The current issue of the Journal for Critical Animal Studies is entitled Women of Color in Critical Animal Studies. Of particular note is Amie Breeze Harper’s contribution, which addresses the notion that race is “feeble matter” in veganism. This excellent paper truly connects the dots, critically analyzing the mainstream, white animal rights/vegan movement and its failure, and resistance, to acknowledge and examine the racialized dynamics and contexts that inform our choices and strategies.
Near the end of Harper’s paper, and in her references, we are pleased to see that there are many people connecting the dots, in addition to Harper herself. We also know that there are more connectionists out there. Even so, it’s not enough. While vegans of color connect the dots (unseen, unacknowledged and often bemoaned as “nonexistent” by the mainstream, white vegan world), white vegans need to get over ourselves and look inward. So many of us already think that we are doing so well, we are vegans, we acknowledge that speciesism exists, how could we possibly still be complicit in oppression? We’ve overcome!
The fact is, we haven’t. When people like Harper bring up the possibility of racism in the movement and encourage a critical analysis of whiteness in the movement, we scoff, we bristle, and we defend. In essence, we attempt to silence the voices that challenge us to examine the movement, our approaches and strategies. This is a function of racism – we use our privilege to guarantee our comfort so that we do not have to look at the world, and ourselves, through a racialized lens. This may make us feel good, but it does us no favors. Not only does it support a racist cultural context, but it also guarantees that we will fail. That is the basis of Connect the Dots – all oppressions are interconnected. We will not end one form of oppression without simultaneously working to end all others. They are inextricably linked.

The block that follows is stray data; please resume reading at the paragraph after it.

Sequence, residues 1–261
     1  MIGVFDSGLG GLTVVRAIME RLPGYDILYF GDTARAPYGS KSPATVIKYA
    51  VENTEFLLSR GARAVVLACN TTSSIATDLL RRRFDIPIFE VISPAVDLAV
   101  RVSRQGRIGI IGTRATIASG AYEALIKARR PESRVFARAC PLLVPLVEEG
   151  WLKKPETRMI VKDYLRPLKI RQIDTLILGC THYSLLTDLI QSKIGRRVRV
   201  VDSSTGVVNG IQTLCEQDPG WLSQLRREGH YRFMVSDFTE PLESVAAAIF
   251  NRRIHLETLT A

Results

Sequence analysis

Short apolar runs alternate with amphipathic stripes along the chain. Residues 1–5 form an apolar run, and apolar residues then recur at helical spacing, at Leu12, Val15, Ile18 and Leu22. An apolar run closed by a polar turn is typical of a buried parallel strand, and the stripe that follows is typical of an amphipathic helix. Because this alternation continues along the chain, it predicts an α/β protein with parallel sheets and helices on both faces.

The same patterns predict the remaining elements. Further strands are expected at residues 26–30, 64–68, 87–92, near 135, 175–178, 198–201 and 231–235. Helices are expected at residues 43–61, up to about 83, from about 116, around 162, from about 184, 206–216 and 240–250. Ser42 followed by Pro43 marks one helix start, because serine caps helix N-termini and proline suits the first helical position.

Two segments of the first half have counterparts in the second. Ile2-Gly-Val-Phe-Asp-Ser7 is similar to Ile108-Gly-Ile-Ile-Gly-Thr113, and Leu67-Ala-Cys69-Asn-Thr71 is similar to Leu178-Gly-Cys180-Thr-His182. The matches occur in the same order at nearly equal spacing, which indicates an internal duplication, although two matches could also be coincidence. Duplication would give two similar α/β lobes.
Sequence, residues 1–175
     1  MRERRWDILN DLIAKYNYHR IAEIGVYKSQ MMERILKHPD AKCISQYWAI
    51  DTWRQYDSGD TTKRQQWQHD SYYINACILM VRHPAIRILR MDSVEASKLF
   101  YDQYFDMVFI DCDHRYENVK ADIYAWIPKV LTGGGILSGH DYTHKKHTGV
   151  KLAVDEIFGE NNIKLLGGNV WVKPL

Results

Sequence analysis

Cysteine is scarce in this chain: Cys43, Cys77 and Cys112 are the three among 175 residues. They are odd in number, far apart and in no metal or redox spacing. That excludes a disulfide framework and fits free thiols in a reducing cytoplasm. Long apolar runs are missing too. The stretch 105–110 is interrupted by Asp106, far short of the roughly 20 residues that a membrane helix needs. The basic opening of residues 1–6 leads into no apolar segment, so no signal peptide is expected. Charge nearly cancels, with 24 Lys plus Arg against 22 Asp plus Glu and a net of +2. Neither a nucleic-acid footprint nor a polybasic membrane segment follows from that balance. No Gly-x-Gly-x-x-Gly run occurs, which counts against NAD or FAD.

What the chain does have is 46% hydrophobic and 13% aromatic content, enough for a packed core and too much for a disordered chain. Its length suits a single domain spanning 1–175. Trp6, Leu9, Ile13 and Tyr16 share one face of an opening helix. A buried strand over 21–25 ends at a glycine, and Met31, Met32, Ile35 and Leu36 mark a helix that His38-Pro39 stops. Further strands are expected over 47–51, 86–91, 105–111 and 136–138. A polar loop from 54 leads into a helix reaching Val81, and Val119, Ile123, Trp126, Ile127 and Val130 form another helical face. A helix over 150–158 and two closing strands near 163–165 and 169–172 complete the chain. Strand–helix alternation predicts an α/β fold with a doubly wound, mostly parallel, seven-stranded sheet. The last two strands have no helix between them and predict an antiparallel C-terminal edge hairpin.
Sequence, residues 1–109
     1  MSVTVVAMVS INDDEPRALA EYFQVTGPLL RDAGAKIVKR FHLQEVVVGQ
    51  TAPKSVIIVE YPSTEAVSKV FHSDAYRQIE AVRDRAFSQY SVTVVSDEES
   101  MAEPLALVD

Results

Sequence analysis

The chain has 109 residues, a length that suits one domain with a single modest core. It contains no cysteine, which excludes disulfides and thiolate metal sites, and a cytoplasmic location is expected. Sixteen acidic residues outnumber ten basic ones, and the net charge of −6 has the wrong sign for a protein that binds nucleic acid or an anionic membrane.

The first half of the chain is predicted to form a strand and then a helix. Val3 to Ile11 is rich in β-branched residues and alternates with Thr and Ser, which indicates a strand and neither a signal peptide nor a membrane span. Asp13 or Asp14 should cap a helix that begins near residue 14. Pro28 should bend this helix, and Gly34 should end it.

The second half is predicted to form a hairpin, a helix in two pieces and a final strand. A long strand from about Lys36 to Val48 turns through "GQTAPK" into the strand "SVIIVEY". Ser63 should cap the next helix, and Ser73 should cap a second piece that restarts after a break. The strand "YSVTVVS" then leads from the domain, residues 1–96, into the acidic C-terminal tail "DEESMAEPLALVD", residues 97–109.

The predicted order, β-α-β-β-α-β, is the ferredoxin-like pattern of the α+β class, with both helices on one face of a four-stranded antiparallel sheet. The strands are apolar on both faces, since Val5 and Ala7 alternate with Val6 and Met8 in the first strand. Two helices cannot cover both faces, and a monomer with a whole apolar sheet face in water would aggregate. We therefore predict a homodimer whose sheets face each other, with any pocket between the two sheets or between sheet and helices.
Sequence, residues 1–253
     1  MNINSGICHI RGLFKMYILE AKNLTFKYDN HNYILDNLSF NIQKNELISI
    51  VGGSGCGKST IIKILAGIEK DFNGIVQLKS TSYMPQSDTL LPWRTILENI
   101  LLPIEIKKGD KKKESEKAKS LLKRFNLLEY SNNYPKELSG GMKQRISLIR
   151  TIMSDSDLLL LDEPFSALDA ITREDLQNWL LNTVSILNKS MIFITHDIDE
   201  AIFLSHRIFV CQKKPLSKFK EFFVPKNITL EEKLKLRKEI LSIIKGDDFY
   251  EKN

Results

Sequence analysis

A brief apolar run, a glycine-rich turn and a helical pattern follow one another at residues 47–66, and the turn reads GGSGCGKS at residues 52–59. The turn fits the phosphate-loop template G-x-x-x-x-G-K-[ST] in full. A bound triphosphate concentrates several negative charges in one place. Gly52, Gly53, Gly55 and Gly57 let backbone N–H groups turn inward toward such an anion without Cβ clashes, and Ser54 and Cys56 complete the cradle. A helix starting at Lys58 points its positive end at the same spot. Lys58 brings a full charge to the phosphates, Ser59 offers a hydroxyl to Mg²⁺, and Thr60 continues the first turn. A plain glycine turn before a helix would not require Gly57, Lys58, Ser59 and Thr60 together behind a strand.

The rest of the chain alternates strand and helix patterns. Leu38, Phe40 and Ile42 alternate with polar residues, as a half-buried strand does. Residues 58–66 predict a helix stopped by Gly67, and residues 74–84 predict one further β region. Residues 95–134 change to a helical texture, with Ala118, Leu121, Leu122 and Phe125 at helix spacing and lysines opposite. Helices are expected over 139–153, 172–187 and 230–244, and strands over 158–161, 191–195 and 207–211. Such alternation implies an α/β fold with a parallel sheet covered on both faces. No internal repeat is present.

So, seriously, fellow white vegans, let’s get over ourselves. If we aren’t willing to truly examine whiteness in the movement, then we aren’t capable of promoting the well-being of animals, our stated goal. It’s that simple.
Click here for links to Amie Breeze Harper’s other works.